How to avoid driving away top talent

 width=Imagine the typical home-buying processÉ but riddled with unexpected gaps in communication, unanswered questions and a sneaking suspicion that the seller is hiding something from you. What if the realtor is hesitant to have a phone call or meeting to talk through issues, but gives you endless rounds of paperwork and questions to complete before you are even ready to consider putting in a bid?

Reasonable buyers would not tolerate this for a decision as important as buying a house. Why do companies think they can get away with perpetrating similar red flags when trying to recruit top talent to their firm? The fact is, they can’t.

As an Executive Search Consultant, I have witnessed firsthand how companies fail to consider how their actions (or inaction) reflects on the reputation of their entire organization and brand. These red flags run the gamut from not answering questions in a timely manner, deflecting hard questions that may reveal weaknesses, unexplained or unreasonable changes in the timeline and wildly inadequate compensation packages that are not aligned with current market surveys.

A-players are quickly turned off by such issues, leaving the company with only B-level candidates at best, or desperate individuals at worst. If a company appears misaligned or disorganized during the recruitment process, candidates can easily infer that the company is likewise disorganized in its decision-making process, and worse still, probably disorganized throughout its daily business and people practices.

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Organizations can substantially mitigate the risk of driving away A-players by focusing on three, interrelated issues: setting expectations, transparency and responsiveness.

  • Setting expectations involves clearly outlining the timeline for the recruiting process, the steps along the way, reporting relationship, exactly what the job entails and the framework for compensation. Of course, it is realistic and natural that some of these details will be Òmoving targets,Ó especially for a newly created position. For example, I have filled several positions where a client was willing to pay market or above-market value for potential candidates and extended the time line for the search to allow time for us to research the market rate and prepare recommendations on compensation.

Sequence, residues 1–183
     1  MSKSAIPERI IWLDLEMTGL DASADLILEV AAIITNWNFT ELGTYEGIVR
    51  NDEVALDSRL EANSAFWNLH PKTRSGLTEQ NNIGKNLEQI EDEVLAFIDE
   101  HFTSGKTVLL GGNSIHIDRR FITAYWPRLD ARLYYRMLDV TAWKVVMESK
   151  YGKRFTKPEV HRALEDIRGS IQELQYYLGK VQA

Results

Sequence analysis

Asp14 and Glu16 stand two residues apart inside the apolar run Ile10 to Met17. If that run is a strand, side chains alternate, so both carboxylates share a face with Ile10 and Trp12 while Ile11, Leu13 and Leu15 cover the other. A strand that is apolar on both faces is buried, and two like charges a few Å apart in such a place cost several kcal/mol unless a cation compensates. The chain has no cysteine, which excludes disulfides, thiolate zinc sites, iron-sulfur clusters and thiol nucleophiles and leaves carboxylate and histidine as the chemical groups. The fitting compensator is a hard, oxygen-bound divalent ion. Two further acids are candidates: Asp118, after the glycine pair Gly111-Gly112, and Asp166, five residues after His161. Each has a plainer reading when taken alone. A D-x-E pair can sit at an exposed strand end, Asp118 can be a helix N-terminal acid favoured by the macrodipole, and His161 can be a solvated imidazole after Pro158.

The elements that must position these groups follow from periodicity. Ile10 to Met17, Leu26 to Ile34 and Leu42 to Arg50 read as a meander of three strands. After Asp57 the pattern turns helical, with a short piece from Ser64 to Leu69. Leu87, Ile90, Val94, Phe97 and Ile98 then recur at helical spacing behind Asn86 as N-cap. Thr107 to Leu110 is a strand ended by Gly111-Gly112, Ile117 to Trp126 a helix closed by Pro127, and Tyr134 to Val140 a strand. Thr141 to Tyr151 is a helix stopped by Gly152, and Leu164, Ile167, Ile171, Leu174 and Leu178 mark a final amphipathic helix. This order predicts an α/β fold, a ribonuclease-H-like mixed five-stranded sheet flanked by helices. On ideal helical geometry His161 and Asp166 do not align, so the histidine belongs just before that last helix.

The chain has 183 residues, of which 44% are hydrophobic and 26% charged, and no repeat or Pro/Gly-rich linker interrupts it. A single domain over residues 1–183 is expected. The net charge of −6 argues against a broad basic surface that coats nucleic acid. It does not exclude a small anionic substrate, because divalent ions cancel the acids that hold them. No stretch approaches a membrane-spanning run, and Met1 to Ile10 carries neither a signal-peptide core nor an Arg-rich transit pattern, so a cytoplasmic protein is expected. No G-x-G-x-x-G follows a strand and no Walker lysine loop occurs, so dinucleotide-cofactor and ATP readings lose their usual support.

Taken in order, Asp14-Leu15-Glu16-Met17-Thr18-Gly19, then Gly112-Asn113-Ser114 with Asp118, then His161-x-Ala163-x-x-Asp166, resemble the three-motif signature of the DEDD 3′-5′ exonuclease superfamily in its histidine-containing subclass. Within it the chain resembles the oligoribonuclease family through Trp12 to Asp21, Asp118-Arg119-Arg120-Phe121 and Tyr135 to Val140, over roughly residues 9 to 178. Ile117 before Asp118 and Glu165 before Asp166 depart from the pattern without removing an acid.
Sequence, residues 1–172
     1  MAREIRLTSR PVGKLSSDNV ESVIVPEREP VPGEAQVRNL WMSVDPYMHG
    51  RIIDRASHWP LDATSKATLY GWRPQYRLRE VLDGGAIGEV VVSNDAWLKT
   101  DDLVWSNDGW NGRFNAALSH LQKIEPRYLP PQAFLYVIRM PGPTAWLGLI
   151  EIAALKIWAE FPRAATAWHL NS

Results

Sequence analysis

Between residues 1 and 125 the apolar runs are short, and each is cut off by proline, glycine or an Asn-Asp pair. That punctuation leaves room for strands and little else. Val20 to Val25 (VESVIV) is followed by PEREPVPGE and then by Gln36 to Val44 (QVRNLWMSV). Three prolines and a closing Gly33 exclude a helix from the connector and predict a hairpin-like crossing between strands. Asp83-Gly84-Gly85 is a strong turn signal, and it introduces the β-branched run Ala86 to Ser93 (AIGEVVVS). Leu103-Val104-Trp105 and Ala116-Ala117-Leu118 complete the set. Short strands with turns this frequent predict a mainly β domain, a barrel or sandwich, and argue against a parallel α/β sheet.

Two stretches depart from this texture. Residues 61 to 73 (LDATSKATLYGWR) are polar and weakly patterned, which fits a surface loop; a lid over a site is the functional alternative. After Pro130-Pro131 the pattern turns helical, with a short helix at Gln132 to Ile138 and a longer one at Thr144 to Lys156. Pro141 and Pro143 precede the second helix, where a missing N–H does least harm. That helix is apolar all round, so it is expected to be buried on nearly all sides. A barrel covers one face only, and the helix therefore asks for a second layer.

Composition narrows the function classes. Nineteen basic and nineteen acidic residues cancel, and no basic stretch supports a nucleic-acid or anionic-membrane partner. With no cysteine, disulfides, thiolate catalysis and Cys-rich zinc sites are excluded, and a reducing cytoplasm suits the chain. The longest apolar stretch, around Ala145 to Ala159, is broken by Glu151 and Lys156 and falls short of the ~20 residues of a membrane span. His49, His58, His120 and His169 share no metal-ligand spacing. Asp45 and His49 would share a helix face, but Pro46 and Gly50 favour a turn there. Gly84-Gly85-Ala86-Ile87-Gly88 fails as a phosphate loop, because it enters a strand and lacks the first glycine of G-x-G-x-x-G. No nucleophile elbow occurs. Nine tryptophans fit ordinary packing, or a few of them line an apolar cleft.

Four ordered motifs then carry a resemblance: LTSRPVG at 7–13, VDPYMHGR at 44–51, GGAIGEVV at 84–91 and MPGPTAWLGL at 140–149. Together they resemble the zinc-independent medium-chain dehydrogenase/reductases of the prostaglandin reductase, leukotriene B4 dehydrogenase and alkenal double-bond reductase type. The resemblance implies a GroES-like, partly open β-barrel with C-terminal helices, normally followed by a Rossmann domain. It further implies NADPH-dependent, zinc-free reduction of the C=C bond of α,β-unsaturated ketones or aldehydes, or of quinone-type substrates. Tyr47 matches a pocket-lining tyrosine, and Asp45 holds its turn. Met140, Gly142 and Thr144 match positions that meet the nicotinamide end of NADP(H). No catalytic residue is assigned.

• The topic of managing expectations dovetails nicely into transparency. Companies should be clear, candid and comprehensive about the short- and long-term challenges associated with the position in question. Additional clarity should be given about where this individual fits into the organizational chart and the success metrics for the role. If changes are necessary to the timeline, hiring process or scope of the position, organizations must be straightforward about the rationale behind those changes and communicate everything in a timely manner.
  • Responsiveness is incredibly important throughout the process. Indeed, any perceived apathy or lethargy on the part of the hiring company can derail, if not outright sabotage, recruitment success. As a new recruiter, I tended to be inefficient in the process, and admittedly clumsy with communication at times. However, I focused on being extremely responsive to candidates and clients alike to make up for these limitations. To be sure, it was critical that everyone knew I was diligent in the hard work that defines executive search. Likewise, A-players want to feel like they have a partner in the process — whether that is an internal recruiter, contract recruiter or the hiring manager. Simply put, nothing raises red flags quicker than candidates having to wait an inordinate amount of time for answers to pertinent questions regarding the company, role, process or timeline.

The best thing organizations can do is (i) to ensure that recruiters are armed with enough information to have meaningful conversations with potential candidates and (ii) to empower the hiring managers to have sway in the process. Candidates should not feel like the recruitment process is a series of transactional hoops, but instead feel that the process is about a two-way conversation and vetting.

While technology is certainly changing the way recruitment is performed, technology alone cannot put potential candidates at ease and cajole A-players to accept offers. Indeed, recruiters are partners in finding talent solutions versus resume harvesters. Therefore, recruiting and the hiring process is still accomplished most effectively through personal communication and genuine relationship-buildingÉ and those are ultimately grounded in Setting Expectations, Transparency and Responsiveness.


Terry Donovan is a director in the New York office of AETHOS Consulting Group. He can be contacted at

AETHOS Consulting Group is a global advisory firm serving the hospitality industry. The firm enhances value for its partner organizations via access, know-how and fresh thinking. Core competencies include executive search, compensation consulting, business strategy, psychometric assessments and logistics. The firm is designed as a single partnership operating from ten locations in North America, Europe and Asia Pacific.

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